Lateral Neck Dissection
a.k.a. Modified Radical or Functional Neck Dissection

When an ultrasound-guided FNA has confirmed that a lymph node in the lateral neck area (outside the left or right carotid artery) contains cancer, a lateral neck dissection is necessary.

Lymph nodes that are outside the area bounded by the carotid arteries cannot be removed through the incision used for a thyroidectomy. The incision used for a lateral neck dissection usually extends from the end of the thyroidectomy incision up to just behind the earlobe.

A lateral neck dissection removes all of the lymph nodes along your jugular vein from your jaw bone down to your collar bone. It is referred to as a "modified" or "functional" neck dissection because we remove the lymph nodes without removing any vital nerves, blood vessels, or muscles.

Occasionally, the lymph nodes are stuck to one or more of the following structures, requiring their removal:

  • Internal Jugular Vein: The internal jugular veins are large veins on either side of the neck that help to drain blood from the brain and head back to the heart. One jugular vein can be removed without causing any symptoms. About 5% of lateral neck dissections for thyroid cancer require removal of an internal jugular vein.
  • Sternocleidomastoid muscle: This muscle helps you to bend and turn your head. If it is removed, you may have some weakness in your neck and will have a cosmetic defect due to its absence. This muscle is rarely removed for thyroid cancer.
  • Spinal accessory nerve: This nerve controls the muscles that allow you to raise your arm above your head. If it is removed, you may be unable to raise your arm above your shoulder and may have pain in the shoulder. This nerve is rarely removed for thyroid cancer.

The operation typically lasts 2-4 hours (in addition to the time required for a thyroidectomy and/or central neck dissection if being done at the same surgery). One or two thin plastic tubes (drains) are placed at the time of the surgery and will come out the skin below your collar bone. A cosmetic skin closure is performed after the tube is removed. It is normal for there to be some numbness of the skin on the jaw, neck, and ear. Most of the time this numbness is temporary, but it can last several months.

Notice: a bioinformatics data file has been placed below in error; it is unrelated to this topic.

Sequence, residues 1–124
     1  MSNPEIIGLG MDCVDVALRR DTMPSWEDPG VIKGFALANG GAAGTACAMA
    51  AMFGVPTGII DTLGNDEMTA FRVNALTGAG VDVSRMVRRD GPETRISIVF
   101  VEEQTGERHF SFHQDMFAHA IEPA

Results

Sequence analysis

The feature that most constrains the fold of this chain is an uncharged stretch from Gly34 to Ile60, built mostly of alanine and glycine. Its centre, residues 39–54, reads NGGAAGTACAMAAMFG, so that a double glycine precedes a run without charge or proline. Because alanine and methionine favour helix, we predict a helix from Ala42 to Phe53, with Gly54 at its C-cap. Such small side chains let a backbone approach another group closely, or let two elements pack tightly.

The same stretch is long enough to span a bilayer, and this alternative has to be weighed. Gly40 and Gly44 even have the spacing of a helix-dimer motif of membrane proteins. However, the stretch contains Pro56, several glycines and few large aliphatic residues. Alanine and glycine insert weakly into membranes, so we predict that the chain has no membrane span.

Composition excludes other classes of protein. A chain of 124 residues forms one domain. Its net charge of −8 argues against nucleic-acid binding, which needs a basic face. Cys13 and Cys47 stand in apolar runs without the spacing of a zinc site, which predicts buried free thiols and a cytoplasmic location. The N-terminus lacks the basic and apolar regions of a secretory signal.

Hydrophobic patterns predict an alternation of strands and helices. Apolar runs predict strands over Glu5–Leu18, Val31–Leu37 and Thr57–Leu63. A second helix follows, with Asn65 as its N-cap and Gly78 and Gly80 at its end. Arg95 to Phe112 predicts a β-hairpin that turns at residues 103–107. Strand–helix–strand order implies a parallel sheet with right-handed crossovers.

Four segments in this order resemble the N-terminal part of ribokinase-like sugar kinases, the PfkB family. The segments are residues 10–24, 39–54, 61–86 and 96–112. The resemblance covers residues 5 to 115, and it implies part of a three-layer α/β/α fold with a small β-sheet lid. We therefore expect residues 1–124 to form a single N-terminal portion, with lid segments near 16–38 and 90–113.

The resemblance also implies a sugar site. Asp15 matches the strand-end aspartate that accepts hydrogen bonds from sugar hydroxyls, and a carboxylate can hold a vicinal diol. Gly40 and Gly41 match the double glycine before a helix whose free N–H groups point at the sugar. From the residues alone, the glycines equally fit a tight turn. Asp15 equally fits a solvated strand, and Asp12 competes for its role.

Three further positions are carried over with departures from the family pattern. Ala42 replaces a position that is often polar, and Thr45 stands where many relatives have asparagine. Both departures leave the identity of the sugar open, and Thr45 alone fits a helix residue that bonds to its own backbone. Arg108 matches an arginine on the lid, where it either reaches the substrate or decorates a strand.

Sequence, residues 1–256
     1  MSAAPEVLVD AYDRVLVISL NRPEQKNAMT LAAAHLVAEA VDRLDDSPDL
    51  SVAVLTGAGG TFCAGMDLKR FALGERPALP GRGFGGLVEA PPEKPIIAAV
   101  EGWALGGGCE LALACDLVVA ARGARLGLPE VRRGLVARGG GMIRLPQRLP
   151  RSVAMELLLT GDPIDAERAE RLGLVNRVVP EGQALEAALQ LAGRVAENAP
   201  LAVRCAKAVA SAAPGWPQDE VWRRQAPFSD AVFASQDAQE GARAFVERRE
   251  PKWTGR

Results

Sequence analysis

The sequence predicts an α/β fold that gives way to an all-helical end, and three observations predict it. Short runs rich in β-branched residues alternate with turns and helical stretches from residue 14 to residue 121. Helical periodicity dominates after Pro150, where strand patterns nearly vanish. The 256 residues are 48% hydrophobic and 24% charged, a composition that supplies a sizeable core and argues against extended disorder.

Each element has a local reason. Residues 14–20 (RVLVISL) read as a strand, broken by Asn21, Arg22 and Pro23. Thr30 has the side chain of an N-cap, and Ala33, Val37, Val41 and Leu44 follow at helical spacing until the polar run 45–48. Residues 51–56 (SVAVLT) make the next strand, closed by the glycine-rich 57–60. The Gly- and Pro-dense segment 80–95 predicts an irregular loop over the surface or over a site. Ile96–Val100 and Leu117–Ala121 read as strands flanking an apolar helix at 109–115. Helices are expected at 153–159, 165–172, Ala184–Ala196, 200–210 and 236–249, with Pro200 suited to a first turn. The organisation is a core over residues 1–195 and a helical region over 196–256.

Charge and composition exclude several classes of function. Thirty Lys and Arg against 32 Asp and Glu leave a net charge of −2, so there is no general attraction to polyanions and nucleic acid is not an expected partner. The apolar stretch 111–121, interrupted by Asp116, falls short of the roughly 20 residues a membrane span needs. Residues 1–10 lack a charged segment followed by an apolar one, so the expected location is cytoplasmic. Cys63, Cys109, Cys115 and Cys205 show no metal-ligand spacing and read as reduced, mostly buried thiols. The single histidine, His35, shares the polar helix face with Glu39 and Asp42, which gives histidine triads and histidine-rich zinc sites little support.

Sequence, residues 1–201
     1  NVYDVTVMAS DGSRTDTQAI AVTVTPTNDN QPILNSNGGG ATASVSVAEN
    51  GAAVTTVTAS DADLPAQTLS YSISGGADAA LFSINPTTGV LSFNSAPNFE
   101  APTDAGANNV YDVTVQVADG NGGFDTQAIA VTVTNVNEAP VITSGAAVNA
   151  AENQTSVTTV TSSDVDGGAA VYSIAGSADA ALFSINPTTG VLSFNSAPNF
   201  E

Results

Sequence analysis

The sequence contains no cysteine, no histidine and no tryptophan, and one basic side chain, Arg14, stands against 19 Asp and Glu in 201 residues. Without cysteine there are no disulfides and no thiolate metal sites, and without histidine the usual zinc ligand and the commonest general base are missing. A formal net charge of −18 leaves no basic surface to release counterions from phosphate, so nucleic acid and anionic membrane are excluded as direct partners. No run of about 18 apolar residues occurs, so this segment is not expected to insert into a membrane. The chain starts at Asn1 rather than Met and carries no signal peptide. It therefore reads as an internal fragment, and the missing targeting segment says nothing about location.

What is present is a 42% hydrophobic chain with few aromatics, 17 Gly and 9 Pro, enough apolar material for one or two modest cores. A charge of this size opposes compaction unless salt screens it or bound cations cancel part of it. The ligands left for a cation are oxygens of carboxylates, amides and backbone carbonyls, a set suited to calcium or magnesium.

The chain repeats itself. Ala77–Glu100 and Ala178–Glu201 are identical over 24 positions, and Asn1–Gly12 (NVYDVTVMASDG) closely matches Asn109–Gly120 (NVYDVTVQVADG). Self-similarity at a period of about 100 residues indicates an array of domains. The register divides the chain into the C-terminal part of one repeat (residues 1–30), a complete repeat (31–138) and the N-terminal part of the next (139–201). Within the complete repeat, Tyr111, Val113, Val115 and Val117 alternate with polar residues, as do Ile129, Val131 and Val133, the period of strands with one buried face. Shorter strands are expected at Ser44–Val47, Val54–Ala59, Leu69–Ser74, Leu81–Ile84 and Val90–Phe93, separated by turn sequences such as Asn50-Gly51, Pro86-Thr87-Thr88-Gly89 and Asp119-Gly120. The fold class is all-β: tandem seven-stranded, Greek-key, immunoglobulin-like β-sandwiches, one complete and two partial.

Risks of Lateral Neck Dissection

The main complications of a lateral neck dissection involve the numerous nerves which run through the neck. The risk of injury to each nerve is about 1%. The nerves at risk are as follows:

  • Spinal accessory nerve: This nerve connects to two muscles in the shoulder, the sternocleidomastoid and trapezius. Injury may result in shoulder pain and/or difficulty in raising the arm above the head.
  • Vagus nerve: This nerve gives rise to the nerve to the vocal cord (recurrent laryngeal nerve). Injury to this nerve will result in hoarseness.
  • Phrenic nerve: This nerve supplies the diaphragm, which is the muscle that helps you breathe. Most people who have an injury to one phrenic nerve do not experience any major breathing problems. However, if you have lung disease or are an endurance athlete, injury to a phrenic nerve may cause breathing difficulty.
  • Hypoglossal nerve: This nerve controls the muscles of the tongue. Injury causes the tongue to deviate to the side when stuck out and may cause difficulty with speech or chewing. These problems usually improve with time.
  • Marginal mandibular nerve: This nerve controls the muscles around the corner of the mouth. Injury to this nerve may cause the corner of the mouth to droop.

In addition to injury to nerves, there is a small risk (1% or less) of significant bleeding, infection, leakage of lymph fluid, or shoulder pain. Fluid collection in the neck rarely occurs after the drain is removed.


This information is provided by the Department of Surgery at the University of Colorado School of Medicine. It is not intended to replace the medical advice of your doctor or healthcare provider. Please consult your healthcare provider for advice about a specific medical condition.